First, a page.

On the heels of a reported U.S. deal with embattled Chinese telecom company ZTE, American lawmakers rejected a Democratic measure that would have directed the Department of Homeland Security to provide more information on any cybersecurity risks posed by the international tech company.
The top Republican and Democrat on the House Homeland Security Committee sparred over the utility of the resolution, which would have tasked DHS with providing any documentation it has on cyber risks introduced by the use of ZTE products on federal, state and local government networks. The Republican-led panel voted 16-11 against the measure.
Instead, lawmakers will get a classified briefing from officials at DHS, the FBI and the Defense Department on June 13 about the national security risks posed by ZTE and Huawei, another Chinese technology giant. Texas Republican Michael McCaul, the committee’s chairman, announced the briefing at a committee markup Wednesday on Capitol Hill.
U.S. officials have long warned of the risk of cyber-espionage from ZTE and Huawei due to their alleged ties to the Chinese government’s intelligence agencies. Both companies deny that an improper relationship exists. While Republican and Democratic lawmakers have echoed those concerns, they have differed on how to pressure the Trump administration to address them.
The Commerce Department banned ZTE in April from buying components from U.S. suppliers for seven years, accusing the company of flouting a 2017 sanctions settlement over its business with North Korea and Iran.
ZTE, a top maker of smartphones, effectively shut down major operations after the ban. But in an abrupt policy shift, President Donald Trump last month said he had ordered the department to help get ZTE “back into business” as the U.S. and China negotiate a trade deal. Reuters reported Tuesday that ZTE had signed a preliminary agreement that would lift the ban.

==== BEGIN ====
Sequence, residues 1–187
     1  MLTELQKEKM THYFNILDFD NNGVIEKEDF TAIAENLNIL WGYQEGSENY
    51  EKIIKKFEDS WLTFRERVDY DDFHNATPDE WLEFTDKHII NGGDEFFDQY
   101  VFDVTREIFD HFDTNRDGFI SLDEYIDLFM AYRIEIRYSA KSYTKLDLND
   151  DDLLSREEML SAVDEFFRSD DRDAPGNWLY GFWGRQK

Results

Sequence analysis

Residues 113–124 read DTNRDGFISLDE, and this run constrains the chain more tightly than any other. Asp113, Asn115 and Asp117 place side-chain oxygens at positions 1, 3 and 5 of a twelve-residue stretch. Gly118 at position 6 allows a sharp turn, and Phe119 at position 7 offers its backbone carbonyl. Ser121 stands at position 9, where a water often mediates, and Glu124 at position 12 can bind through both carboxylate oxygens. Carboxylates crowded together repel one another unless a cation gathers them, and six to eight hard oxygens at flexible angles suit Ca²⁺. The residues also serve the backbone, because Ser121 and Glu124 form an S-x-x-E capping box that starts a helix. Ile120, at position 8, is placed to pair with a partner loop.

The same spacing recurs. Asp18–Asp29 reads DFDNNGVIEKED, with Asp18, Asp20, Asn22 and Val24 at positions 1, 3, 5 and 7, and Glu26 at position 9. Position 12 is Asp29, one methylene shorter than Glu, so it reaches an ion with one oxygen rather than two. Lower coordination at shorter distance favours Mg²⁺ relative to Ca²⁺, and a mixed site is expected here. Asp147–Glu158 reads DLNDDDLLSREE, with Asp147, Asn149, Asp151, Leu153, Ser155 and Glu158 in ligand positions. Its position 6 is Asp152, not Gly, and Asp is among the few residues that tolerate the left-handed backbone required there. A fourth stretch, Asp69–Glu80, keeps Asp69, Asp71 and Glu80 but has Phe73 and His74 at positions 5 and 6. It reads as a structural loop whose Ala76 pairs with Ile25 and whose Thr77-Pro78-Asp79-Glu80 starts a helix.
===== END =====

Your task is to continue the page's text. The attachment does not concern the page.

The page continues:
McCaul said the House “resolution of inquiry” on ZTE was redundant as he had already written Homeland Security Secretary Kirstjen Nielsen on the issue and that DHS officials had told the committee that “they’re not aware of any existing DHS contracts” with ZTE or Huawei. But Mississippi Democrat Bennie Thompson, the committee’s ranking member and sponsor of the resolution, said he was trying to prevent Trump from taking “his boot off the neck of ZTE” amid trade negotiations with Beijing.
McCaul’s letter, obtained by CyberScoop, asks Nielsen for “detailed information,” by June 14, on the department’s “progress in identifying and mitigating the threat posed” by ZTE and Huawei. McCaul also wants to know if DHS has issued guidance to personnel and contractors on threats stemming from Huawei and ZTE devices, and if there are other “foreign telecom and software providers which pose similar threats.”
The House panel appears far from finished in tackling the issue of cyber-espionage and foreign-made IT equipment. McCaul said his staff had been working for months with DHS on legislation that would give the department “authorities similar to DOD to deny procurements on national security grounds.”
You can read the full letter from McCaul to Nielsen below: